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Ray Pride

By Ray Pride Pride@moviecitynews.com

Wajda on Katyń's Oscan nom

wajda.jpg“I received the great and very important news of the nomination of my film Katyń in Warsaw this afternoon,” comments Wajda. “Polish directors are no longer behind a wall and no longer have to use coded messages to communicate with their audiences. The Academy Award® nomination gives Katyń an additional opportunity to reach international audiences worldwide. It’s even more significant to me as Katyń is certainly the most personal film of all the films I have made. Katyń is the place where I lost my father, Captain Jakub Wajda who was murdered there by the Soviets. I also witnessed my mother’s desperate and hopeless efforts in search for my father and her discovery of the truth about his fate. Katyń still remains an unhealed wound in Polish history, the secret story which has been told for the first time on the screen in my film. Once more, I would like to stress how happy I am that the Academy® honored Katyń giving it such a distinctive recognition.”

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“Ten years ago at Telluride, I said on a panel that theatrical distribution was dying. It seemed obvious to me. I was surprised how many in the audience violently objected: ‘People will always want to go to the movies!’ That’s true, but it’s also true that theatrical cinema as we once knew it has died. Theatrical cinema is now Event Cinema, just as theatrical plays and musical performances are Events. No one just goes to a movie. It’s a planned occasion. Four types of Event Cinema remain.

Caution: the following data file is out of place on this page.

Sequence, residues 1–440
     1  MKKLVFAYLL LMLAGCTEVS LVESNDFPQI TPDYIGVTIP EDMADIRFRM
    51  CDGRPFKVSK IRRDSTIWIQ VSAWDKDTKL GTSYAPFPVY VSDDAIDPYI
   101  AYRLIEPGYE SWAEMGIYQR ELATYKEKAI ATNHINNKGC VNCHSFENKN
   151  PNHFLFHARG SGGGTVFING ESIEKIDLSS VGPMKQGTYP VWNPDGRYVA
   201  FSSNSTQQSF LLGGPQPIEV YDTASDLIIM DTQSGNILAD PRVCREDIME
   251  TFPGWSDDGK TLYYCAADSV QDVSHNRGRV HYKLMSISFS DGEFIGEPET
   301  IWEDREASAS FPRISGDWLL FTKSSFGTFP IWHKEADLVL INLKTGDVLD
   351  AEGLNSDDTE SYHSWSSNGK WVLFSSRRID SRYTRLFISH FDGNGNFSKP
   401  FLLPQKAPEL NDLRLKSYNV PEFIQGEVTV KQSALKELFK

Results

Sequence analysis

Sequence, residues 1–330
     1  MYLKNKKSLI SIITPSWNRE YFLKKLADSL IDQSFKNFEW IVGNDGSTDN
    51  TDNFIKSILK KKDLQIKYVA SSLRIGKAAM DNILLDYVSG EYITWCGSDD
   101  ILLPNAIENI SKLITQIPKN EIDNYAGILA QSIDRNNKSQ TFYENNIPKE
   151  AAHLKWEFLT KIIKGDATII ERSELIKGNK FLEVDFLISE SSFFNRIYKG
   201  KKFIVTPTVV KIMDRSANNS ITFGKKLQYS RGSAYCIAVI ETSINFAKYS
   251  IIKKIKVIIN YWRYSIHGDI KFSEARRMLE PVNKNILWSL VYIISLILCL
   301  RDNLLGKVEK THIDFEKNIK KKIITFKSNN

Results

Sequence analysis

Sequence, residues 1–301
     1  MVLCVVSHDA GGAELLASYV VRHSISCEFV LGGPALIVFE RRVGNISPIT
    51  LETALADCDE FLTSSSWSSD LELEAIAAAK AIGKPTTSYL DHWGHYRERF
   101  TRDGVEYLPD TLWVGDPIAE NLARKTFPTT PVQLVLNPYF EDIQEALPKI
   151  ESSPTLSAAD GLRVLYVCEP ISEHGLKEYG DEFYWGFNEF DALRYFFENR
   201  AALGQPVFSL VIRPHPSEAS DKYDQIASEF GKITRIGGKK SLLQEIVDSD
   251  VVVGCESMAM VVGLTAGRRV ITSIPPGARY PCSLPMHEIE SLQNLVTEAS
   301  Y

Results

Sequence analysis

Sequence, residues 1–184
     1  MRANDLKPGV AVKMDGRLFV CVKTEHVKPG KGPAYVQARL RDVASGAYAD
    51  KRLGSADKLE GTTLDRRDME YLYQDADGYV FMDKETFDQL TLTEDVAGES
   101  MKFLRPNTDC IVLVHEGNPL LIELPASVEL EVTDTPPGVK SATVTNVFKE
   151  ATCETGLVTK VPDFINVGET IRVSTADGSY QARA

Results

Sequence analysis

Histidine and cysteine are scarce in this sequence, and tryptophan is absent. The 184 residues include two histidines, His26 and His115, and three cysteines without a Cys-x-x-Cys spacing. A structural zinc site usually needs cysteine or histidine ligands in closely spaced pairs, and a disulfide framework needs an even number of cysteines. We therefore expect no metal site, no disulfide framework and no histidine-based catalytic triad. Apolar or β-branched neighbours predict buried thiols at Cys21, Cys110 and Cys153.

1. Spectacle (IMAX-style blockbusters)
2. Family (cartoon like features)
3. Horror (teen-driven), and
4. Film Club (formerly arthouse but now anything serious).

There are isolated pockets like black cinema, romcom, girl’s-night-out, seniors, teen gross-outs, but it’s primarily those four. Everything else is TV. Now I have to go back to episode five of ‘Looming Tower.'”
~ Paul Schrader

“Because of my relative candor on Twitter regarding why I quit my day job, my DMs have overflowed with similar stories from colleagues around the globe. These peeks behind the curtains of film festivals, venues, distributors and funding bodies weren’t pretty. Certain dismal patterns recurred (and resonated): Boards who don’t engage with or even understand their organization’s artistic mission and are insensitive to the diverse neighborhood in which their organization’s venue is located; incompetent founders and/or presidents who create only obstacles, never solutions; unduly empowered, Trumpian bean counters who chip away at the taste and experiences that make organizations’ cultural offerings special; expensive PR teams that don’t bring to the table a bare-minimum familiarity with the rich subcultural art form they’re half-heartedly peddling as “product”; nonprofit arts organizations for whom art now ranks as a distant-second goal behind profit.”
~ Eric Allen Hatch